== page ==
You've been doing this a long time; why did you move from Novell? "With ZENworks we were using it to push out applications and the ZEN imaging to deliver the initial desktops. In our academic environment we had 22 other machines and we had Centurian on them at the time to lock them down. People couldn't modify them after we imaged them. We've gone to Deep Freeze since then.
"We have the ability through KACE or the Deep Freeze console to freeze or thaw the machines. When they're frozen, you can walk up to an academic machine, format the hard drive, give it a virus, anything. Turn it off and turn it back on and it's right back to where it was originally. It's a very useful tool in an academic environment. It prevents them from modifying things without your knowledge.
"That is really one of the best things in our UEM strategy – we use the KACE [System Deployment Appliance] to push off images and freeze them. Then, when we have to do updates to some desktops, we use the KACE [Systems Management Appliance] to do any changes and just refreeze them again." [The college has also been using KACE Cloud MDM since January.]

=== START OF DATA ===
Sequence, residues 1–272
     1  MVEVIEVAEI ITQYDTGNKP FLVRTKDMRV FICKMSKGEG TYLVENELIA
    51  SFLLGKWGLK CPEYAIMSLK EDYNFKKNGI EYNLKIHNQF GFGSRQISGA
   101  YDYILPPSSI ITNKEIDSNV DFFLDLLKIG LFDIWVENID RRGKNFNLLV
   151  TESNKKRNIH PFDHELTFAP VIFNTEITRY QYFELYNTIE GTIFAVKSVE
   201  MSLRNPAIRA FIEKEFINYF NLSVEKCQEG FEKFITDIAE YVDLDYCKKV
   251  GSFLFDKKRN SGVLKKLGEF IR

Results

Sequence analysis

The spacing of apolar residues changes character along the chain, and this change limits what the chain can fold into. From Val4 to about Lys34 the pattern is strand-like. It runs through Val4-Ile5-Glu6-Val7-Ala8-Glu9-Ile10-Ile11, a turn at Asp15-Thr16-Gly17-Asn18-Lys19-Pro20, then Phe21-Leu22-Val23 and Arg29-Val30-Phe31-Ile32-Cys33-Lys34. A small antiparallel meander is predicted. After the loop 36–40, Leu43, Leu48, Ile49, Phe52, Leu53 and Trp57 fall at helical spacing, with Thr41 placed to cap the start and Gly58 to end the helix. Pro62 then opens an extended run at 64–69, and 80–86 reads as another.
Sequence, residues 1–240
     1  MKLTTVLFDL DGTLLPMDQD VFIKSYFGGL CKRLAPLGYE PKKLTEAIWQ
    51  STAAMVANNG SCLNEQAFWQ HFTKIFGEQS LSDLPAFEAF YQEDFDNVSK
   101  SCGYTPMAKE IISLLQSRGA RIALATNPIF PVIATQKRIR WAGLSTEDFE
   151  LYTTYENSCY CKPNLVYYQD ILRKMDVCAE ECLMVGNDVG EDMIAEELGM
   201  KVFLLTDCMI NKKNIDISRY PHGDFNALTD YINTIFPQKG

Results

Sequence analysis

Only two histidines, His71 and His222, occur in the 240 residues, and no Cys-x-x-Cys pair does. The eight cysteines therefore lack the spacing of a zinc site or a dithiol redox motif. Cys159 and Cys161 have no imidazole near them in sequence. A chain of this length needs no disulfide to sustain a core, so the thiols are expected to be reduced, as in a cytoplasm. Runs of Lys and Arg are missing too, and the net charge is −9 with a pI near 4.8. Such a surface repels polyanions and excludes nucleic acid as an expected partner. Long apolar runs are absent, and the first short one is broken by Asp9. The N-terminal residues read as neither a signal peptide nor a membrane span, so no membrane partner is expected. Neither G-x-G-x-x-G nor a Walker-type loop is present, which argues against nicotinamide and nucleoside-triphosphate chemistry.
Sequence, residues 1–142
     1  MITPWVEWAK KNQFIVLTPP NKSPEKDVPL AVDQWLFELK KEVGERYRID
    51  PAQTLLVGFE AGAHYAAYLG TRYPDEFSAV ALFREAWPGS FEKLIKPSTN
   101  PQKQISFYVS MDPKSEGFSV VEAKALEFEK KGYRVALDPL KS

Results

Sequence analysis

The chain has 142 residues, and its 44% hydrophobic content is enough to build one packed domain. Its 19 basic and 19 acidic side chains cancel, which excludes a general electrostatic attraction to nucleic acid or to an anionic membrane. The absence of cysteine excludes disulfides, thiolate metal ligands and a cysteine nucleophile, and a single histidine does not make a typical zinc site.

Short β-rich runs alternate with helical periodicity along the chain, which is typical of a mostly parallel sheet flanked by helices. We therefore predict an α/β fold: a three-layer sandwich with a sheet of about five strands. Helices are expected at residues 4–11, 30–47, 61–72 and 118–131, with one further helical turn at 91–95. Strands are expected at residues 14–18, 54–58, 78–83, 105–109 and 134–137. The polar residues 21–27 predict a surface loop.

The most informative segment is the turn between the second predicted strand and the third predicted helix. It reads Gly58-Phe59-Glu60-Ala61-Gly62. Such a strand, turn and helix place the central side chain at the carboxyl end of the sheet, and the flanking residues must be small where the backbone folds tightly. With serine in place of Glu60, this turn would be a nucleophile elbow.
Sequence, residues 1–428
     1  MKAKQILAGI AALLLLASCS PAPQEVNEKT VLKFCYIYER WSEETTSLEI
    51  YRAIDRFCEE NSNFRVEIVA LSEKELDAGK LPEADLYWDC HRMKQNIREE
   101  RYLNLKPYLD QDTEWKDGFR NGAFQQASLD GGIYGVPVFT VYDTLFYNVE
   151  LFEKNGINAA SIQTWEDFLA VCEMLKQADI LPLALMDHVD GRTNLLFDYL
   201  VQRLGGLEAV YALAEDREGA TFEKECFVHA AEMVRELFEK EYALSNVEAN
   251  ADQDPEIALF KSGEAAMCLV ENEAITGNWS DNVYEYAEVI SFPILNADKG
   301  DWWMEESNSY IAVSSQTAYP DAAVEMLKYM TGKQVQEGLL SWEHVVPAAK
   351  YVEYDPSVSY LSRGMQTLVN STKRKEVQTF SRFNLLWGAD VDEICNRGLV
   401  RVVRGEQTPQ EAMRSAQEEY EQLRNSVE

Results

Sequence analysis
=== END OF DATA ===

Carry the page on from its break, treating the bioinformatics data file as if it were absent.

What do you have for mobile devices? "The classrooms have been running a lot of tablets. We've got Android and iPads both. We went to the KACE MDM solution just because it plugs straight in. We don't have to go learn a whole other product.
"That was the beauty of trying to stay with just one company. The cost of training is phenomenal out there. My only complaint with this MDM thing they're forcing is it's a subscription cost. So, you go out and buy a $300 tablet and we pay KACE $30 per license. So, in five years – the life of the tablet – we pay an additional [$150]. So now it's a $400 tablet. So, your total cost of ownership goes up on a device if you use an MDM strategy.